Munich Show 2012 (with many photos)

By Martin Gruell & Robert Kunze

Year by year the highlight for all European collectors and dealers worldwide: at the end of october (26th to 28th) European´s most important and largest mineral show at Munich exceptional minerals  draw mineral-nerds like moths to the flame to the heart of Europe.

First of all: German thoroughness is not only a byword. The team of Mr. Keilmann did a fantastic job. The organization of the entire show worked perfect, as many exhibitors will agree. I made quite diverging experiences when I visited the show this year – some good and some bad ones. 

Yes – there were some really amazing minerals: there was a great new discovery at Dal´negorsk, Russia. Since decades they mined stepped modified Fluorite-crystals, but not such sharp terminated, lustrous, waterclear and really large cubes like this time. As Fluorite-collector I can't rank this new find high enough – quality and also quantity never seen since many years. I saw about 150 to 200 specimens in various dimensions, many featured really a nice assemble. Only one drawback – nearly all showed damages or bad contacts. 

A second new discovery came from Morocco, where beautiful blue and glossy Barite were found at Mt. Ouichane, Nador. Only little quantity was available and not all in good condition damagewise, but colour and luster were really remarkable.

That's a very nice sample of the new discovered Barites from Morocco. Size: approx. 6 cm

Since the strict embargo for field-collectors in Greece minerals from Serifos became very rare and good material is hard to obtain. Only a few exhibitors showed a hand full of very fine Prase (Quartz with Hedenbergite-inclusions) from an old find by an Austrian Strahler. Further there were several fine minerals from Huangang, Inner Mongolia, China. If I compare with other finds from China there is one significant point: there is not so large quantity. Not too much of the same minerals in the same style, but a great diversity of different species or a numerous different colours and habits of one mineral.

Also bad news came from Okorusu-Mine, Namibia. The mine is still productive, but no more longer specimen-mining is possible as the specimen-miner from Okoruso told me. So after decades of fantastic Fluorite from this locality it seems to be over – maybe the circumstances change in the future, but for the moment we all should keep our Okorusu-Fluorites safe in our cabinets. 

No – not all things on a large show are expensive. There were a lot of good opportunities to get fine pieces for reasonable or really low prices. Especially private collectors who showed their minerals only at Munich offered some good pieces from their private collections. But there were also some dealers – I recognize a few from Italy – had some bargain-offers. 

One of the great disappointments were the alpine exhibitors. If there was a good discovery – like Sphene from Habach valley / Austria – you couldn´t see any good piece. Exhibitors prefered to show only the third row to get rid of their low-quality pieces. In opposite to low quality the prices are climbing higher and higher each year, even for repaired material. In my evaluation the scene of alpine collectors will shrink in the near future if exhibitors will continue this way. Many specimens were just good for the locality but were not compareable to the same minerals from other localities, which are much cheaper and available at higher quantity and quality.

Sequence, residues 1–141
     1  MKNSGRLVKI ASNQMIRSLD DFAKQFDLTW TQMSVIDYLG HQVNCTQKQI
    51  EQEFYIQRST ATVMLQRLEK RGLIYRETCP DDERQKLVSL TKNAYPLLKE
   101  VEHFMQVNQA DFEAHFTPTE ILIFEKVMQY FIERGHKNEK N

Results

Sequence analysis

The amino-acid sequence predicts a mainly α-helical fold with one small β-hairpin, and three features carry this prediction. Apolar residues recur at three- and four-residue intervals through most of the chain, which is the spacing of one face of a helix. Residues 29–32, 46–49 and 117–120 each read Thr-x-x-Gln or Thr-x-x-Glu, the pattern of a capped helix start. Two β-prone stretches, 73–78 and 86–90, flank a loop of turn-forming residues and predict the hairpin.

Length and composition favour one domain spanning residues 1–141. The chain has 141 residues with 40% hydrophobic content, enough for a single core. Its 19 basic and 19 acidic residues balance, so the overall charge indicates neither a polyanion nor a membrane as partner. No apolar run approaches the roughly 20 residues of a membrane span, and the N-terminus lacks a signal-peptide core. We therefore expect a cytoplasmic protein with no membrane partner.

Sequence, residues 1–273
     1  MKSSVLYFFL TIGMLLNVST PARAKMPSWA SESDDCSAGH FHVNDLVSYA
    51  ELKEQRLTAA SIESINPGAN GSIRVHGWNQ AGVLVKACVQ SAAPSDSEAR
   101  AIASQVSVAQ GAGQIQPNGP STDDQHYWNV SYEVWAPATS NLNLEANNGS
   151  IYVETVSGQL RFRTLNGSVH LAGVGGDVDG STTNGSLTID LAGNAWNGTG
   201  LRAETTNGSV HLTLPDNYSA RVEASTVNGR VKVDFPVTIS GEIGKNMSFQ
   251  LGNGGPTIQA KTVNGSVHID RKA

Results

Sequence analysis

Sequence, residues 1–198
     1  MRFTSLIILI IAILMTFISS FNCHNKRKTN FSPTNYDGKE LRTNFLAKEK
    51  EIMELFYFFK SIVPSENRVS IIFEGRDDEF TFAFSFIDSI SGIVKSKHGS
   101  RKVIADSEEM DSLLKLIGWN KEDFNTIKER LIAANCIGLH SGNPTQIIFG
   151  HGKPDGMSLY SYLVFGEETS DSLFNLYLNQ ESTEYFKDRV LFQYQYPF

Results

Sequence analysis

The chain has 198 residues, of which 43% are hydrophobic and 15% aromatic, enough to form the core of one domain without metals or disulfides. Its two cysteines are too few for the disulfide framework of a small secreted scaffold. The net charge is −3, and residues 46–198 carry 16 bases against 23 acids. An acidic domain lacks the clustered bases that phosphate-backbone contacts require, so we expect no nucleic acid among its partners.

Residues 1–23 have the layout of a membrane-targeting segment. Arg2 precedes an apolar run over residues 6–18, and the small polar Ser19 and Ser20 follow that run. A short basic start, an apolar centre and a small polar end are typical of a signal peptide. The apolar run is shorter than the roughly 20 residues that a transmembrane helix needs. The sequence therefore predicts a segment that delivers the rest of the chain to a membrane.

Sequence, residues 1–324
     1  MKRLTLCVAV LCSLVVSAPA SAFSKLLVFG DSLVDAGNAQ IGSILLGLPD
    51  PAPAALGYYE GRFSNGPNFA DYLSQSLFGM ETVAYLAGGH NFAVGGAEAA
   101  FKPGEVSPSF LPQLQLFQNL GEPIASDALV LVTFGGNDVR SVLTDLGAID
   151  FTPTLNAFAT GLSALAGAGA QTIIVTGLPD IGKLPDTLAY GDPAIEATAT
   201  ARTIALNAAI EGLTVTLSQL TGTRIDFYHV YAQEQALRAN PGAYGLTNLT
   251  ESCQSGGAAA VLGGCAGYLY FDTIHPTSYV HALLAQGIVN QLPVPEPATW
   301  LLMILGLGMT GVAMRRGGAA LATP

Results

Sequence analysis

Also I saw many dealers who offered the same material as last year. I looked in several show-cases and saw the same pieces like in 2011. They just showed what was left from the last Munich-show and that is boring for collectors! So far about my bad experience.

Of course I also had to visit the pavillon and see some high-end stuff. Nearly every well known dealer exhibited in Munich, so it is always a pleasure to see specimens at the highest level. Arkenstone showed high quality at high prices – like a really spectacular pink Fluorite from France, Rhodochrosite from Colorado, Tourms and many more. The well known German dealer Andreas Weerth is a pensioner now and the Austrian dealers Watzl-minerals resumed their place at the main-show. They showed the probably best Tourmaline from Asia on the show – but only for a few hours before a private collector bought it. There were also several attractive Gold-specimens from California, unfortunately the owners didn´t allow me to photograph for this report. But as I mentioned above – it was the same stuff like last year and Gold from Eagles Nest was available nearly on every show-case in every size and price-range. 

At Kosnar´s display I saw the probably most uncommon Gold-specimen on the show. In opposite here I was invited to photograph in a very friendly way – but I failed and my photos were horrible and didn´t do justice to this exceptional matrix-piece from Nugget Pond Mine, New Foundland, Canada. It was this rare locality, the dimension and the high aesthetic which made this specimen so special. For me one of the most remarkable specimens I saw this year.